Amplify your teaching – DRAFT

Anyone ever publish a draft post before, CAUSE I JUST DID.

It was either that or not publish at all, and that is simply not an option this week. The following info was used as the outline for my mini lesson today in the Instructional Skills workshop. I did not use any visual aids, simply played the auditory fragments I have included below, and talked through them. Even though I have not completed this post, (poorly embedded media, incomplete notes, missing several pieces of the BOPPS!) its more my intention to get the links out there and move on. My over-arching mission here is to create some useful open learning resources out of the ISW experience and share them with #etmooc, but we will have to leave this one in DRAFT stage for now.  I have to publish it and start preparing for my next mini lesson tomorrow!

Start: To complete this lesson, please download the Soundcloud app from (from the app or play stores respectively), install it on your mobile device and make sure you have your account set up.

Outcomes:

  • To listen to several different types of educational audio.
  • To record and share a short audio reflection from your mobile device.

Using recorded audio in the classroom is old as recorded audio itself. Educational uses of audio were  predicted to be amongst the primary uses of the phonograph intended by Edison in 1878.

Edisons top ten list

  1. Letter writing, and all kinds of dictation without the aid of a stenographer.
  2. Photographic books, which will speak to blind people without effort on their part.
  3. The teaching of elocution.
  4. Music-the phonograph will undoubtedly be liberally devoted to music.
  5. The family record; preserving the sayings, the voices, and the last words of the dying members of the family, as of great men.
  6. Music boxes, toys, etc. – A doll which may speak, sing, cry or laugh may be promised our children for the Christmas holidays ensuing.
  7. Clocks, that should announce in speech the hour of the day, call you to lunch, send your lover home at ten, etc.
  8. The preservation of language by reproduction of our Washingtons, our Lincolns, our Gladstones.
  9. Educational purposes; such as preserving the instructions of a teacher so that the pupil can refer to them at any moment; or learn spelling lessons.
  10. The perfection or advancement of the telephone’s art by the phonograph, making that instrument an auxiliary in the transmission of permanent records.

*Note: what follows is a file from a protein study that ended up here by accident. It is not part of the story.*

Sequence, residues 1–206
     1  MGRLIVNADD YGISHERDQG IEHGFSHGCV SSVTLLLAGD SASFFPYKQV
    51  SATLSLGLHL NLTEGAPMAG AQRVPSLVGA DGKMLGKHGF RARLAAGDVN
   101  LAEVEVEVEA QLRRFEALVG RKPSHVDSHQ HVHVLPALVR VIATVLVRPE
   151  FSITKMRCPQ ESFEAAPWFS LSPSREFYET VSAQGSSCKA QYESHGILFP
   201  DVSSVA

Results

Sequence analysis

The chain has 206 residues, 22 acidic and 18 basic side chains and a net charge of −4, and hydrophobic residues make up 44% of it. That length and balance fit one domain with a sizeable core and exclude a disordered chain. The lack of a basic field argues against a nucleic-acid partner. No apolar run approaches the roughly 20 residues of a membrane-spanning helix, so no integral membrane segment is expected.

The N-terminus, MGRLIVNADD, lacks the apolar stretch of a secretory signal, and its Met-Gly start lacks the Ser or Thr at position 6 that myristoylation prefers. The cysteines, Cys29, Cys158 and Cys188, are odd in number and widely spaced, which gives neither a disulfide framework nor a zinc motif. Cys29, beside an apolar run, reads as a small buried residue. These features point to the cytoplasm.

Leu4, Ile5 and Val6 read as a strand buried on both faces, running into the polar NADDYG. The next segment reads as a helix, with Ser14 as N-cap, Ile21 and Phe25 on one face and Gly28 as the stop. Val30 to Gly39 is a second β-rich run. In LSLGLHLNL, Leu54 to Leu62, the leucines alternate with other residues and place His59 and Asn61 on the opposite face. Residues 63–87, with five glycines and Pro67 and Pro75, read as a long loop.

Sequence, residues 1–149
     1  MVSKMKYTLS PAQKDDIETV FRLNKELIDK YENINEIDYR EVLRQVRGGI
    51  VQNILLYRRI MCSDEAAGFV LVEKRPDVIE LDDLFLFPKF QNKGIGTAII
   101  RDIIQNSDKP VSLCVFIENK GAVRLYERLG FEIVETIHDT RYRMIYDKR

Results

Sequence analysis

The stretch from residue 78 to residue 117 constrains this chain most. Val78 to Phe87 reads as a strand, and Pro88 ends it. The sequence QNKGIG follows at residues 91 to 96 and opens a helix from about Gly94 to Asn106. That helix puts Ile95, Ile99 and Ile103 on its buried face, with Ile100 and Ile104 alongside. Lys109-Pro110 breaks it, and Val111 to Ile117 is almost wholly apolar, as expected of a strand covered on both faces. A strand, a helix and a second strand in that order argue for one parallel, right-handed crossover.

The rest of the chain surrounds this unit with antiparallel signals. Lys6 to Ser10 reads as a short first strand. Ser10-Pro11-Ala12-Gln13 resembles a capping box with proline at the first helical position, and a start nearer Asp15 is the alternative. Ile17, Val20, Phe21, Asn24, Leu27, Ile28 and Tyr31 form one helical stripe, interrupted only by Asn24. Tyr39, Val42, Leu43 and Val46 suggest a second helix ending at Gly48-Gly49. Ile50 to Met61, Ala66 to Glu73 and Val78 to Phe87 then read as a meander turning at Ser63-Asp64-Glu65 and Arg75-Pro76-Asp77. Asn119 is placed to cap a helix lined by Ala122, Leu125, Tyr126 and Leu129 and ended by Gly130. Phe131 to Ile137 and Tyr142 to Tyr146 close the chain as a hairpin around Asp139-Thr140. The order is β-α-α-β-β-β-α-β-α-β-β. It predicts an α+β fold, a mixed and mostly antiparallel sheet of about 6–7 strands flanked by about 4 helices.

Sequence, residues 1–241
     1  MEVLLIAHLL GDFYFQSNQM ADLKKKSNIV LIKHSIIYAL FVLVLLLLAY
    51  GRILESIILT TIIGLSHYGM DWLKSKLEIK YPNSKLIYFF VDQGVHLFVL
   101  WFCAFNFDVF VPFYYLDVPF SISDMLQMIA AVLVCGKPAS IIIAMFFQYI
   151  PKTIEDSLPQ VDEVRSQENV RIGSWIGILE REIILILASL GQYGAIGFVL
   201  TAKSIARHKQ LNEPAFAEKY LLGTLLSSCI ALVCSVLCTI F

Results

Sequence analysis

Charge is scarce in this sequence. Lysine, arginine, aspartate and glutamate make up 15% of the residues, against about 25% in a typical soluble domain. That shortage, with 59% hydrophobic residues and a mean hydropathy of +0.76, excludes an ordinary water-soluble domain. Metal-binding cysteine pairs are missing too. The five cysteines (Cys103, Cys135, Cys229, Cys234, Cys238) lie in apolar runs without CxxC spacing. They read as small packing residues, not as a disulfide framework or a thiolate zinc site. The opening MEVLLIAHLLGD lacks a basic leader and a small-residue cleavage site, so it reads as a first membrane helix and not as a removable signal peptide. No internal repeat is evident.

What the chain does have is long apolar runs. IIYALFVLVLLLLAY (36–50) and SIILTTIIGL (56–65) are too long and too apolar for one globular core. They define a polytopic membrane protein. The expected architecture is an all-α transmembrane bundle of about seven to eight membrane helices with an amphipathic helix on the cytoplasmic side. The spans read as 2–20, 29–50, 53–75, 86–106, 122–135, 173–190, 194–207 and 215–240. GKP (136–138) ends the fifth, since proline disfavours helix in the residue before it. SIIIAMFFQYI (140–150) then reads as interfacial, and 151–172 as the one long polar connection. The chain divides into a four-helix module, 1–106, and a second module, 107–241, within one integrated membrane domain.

The audio test recaptured in this historical audio recording from 1927.
Thomas Edison Mary had lamb

Some reasons you might consider offering audio recordings to your students:

Recorded audio can be used in numerous academic contexts.

  • To provide students with a study aid they can review after lecture;
  • To enable students to review the lecture in preparation for discussion and debate;
  • To demonstrate a task, procedure, or complex concept that would benefit from multimedia presentation and/or the ability to watch repeatedly;
  • To use on an ongoing basis as a reference for students;
  • To free up class time for discussion. Making recorded lectures available before class meetings makes more time available for discussion and hands-on activities. In the classroom context, multimedia can be a powerful tool for helping students learn and retain complex ideas and phenomena.

These days, with the internet and an average computing device, recording and sharing audio has never been more accessible and possible, yet how often is it used in the classroom?

Typically, audio from lectures can be easily be recorded and distributed to students, as a means for those that missed the inclass lecture, or for the sakes of review. These audio clips can tend to be the full length of the lecture in some cases more than an hour in length. SFU has this service integrated into many of its lecture halls and is available to instructors by means of a checkbox.

Sample audio – “Lecture”

An eg from SFU podcasts.

SFU lecture

Modeling Social Phenomena – http://www.courtneybrown.com/classes/ModelingSocialPhenomena/mp3/CB_MSP.xml

Recording-1024x842

Sample audio – “Pro” Lecture Media 112

In Storytelling: History 451 Audio was used to demonstrate a task or procedure.

 

http://blogs.sfu.ca/courses/fall2010/hist451/?page_id=233

http://blogs.sfu.ca/courses/fall2010/hist451/